Throughout his career, nuclear physicist Charlie Holbrow has oscillated between physics and history.
Holbrow's first memory of his interest in physics comes from when he was about 13 years old. He saved up money from his paper route to buy a copy of Millikan's Electrons (+ and –), Protons, Photons, Neutrons, Mesotrons, and Cosmic Rays. “I read about two pages, and it made no sense to me whatsoever,” he recalls. “But I still have the book, and now it makes lots of sense.”
Charles Holbrow with a group of students.
In 1951, at age 15, Holbrow entered college at the University of Wisconsin, Madison, intending to major in physics. “I think I was inspired partly by the post-nuclear glow,” he says.
Then he changed his mind. Like many potential physics majors, he found the subject too hard. “I didn't do very well at it, which I didn't mind because there were a lot of things I didn't do very well at. What I didn't like was to work really hard and not do well.”
He decided to major in history instead and went on to graduate school in history at Columbia where he got an A.M. degree and completed all the requirements for a PhD except the dissertation.
“But I always liked math, and after a couple of years I began taking time from studying for my history PhD exams to sit in on an advanced calculus class. Then sputnik went up, and I decided to go back to physics.”
So in 1957 he returned to Madison, Wisconsin, where he earned his physics PhD in 1963. After three years teaching at Haverford College, two years at the University of Pennsylvania, and a stint as an editor at the magazine Physics Today , he headed to Hamilton, New York to become a physics professor at Colgate University, where he remained for 36 years until his retirement last year.
In 1975-76 he spent a sabbatical year at Caltech, working in the Kellogg Radiation Laboratory. A few years later he revisited Caltech briefly and took up history again. After several intensive weeks in Caltech's archives, he wrote a short history of the Kellogg lab.
Back at Colgate, he continued his nuclear physics research. In the 1980's, he studied the properties of unstable ytterbium atoms produced in a particle accelerator. More recently, in 1994, at GSI, the heavy ion research facility in Darmstadt, Germany, he worked with colleagues to produce and study lead ions with all but one of their electrons stripped off, making them hydrogen-like. Because the one electron zooms around in an intense electric field produced by lead's 82 protons, the ions are a good laboratory to study interesting relativistic effects, says Holbrow.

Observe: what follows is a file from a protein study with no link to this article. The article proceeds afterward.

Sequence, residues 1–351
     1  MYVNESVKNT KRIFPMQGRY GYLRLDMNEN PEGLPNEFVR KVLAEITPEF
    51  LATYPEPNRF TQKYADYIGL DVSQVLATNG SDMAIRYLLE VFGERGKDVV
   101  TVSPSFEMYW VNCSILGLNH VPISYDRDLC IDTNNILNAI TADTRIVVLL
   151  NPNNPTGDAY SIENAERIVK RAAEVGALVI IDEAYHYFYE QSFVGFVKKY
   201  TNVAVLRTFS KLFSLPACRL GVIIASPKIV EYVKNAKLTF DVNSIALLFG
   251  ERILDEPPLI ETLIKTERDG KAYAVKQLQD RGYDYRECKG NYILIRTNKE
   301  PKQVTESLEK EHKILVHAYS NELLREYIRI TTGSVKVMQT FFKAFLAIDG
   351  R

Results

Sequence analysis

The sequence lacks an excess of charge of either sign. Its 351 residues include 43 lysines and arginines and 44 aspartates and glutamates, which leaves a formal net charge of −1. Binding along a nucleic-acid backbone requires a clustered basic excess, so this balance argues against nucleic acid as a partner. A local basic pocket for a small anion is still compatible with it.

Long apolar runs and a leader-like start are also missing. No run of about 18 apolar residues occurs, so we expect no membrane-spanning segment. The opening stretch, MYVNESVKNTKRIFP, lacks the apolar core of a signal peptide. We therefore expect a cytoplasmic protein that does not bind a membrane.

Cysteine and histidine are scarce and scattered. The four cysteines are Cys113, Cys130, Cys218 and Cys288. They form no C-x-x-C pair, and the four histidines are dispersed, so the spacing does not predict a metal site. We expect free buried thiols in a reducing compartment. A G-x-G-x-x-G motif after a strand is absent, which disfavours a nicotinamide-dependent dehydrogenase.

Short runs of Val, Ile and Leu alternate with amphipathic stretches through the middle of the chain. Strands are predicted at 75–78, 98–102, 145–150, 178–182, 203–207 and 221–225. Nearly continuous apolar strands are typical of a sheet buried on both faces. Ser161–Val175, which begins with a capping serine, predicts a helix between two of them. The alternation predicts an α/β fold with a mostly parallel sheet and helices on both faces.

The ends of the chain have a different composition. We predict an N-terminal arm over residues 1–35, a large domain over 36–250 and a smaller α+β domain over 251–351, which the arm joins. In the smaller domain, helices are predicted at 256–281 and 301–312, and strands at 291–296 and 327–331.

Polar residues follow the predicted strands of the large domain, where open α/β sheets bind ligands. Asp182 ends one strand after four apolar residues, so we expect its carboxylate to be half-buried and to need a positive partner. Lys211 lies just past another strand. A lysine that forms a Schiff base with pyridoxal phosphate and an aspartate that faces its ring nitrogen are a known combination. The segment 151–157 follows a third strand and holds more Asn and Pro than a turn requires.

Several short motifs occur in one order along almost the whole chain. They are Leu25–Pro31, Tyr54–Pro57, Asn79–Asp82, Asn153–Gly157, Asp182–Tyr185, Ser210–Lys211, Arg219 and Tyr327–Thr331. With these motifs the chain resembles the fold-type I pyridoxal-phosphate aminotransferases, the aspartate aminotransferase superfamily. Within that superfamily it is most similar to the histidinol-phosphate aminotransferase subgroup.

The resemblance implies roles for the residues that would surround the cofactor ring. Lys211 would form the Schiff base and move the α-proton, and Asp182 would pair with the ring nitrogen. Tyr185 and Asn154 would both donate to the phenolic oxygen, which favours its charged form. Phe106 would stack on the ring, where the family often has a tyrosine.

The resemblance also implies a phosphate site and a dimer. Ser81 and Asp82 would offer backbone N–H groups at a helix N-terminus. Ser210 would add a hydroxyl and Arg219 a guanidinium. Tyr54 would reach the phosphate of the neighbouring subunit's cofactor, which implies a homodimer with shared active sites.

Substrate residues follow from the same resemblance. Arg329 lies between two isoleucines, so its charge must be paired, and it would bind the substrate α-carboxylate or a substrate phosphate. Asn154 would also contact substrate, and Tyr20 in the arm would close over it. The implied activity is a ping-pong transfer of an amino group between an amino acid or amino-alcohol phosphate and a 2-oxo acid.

In addition to physics and history, Holbrow is interested in pedagogy. For the past year he has served as president of the American Association of Physics Teachers. In the mid 1990's, he and colleagues at Colgate “turned the introductory physics sequence on its head,” by teaching students modern physics first, before mechanics and electromagnetism. Holbrow credits this and other changes with fostering at Colgate one of the more successful physics programs “at a time when a whole lot of people were bemoaning the decline of their programs.”
Last July, after 36 years, Holbrow retired from Colgate. “At some point you ask yourself ‘what can an old physicist do that's amusing and doesn't require him to stay up all night in the laboratory?'”
For Holbrow, the answer was clearly history, so he is currently spending his time in the archives at MIT, researching an episode in the life of Charlie Lauritsen, a Caltech nuclear physicist and government advisor who was involved in major decisions on American defense policy after WWII.
Though he never met Lauritsen, who died in 1968, Holbrow feels he has become friends with him. “He was publicly a very somber person, but it's clear from how his friends write about him that he was amusing and charming and affectionate,” says Holbrow. Although Holbrow admits that “You'd like him to have been a little more flamboyant to make good copy,” he has recently published an article on Lauritsen in the journal Physics in Perspective , and is seriously considering writing a full-length biography. “The more I learn about this man, the more I admire him,” says Holbrow.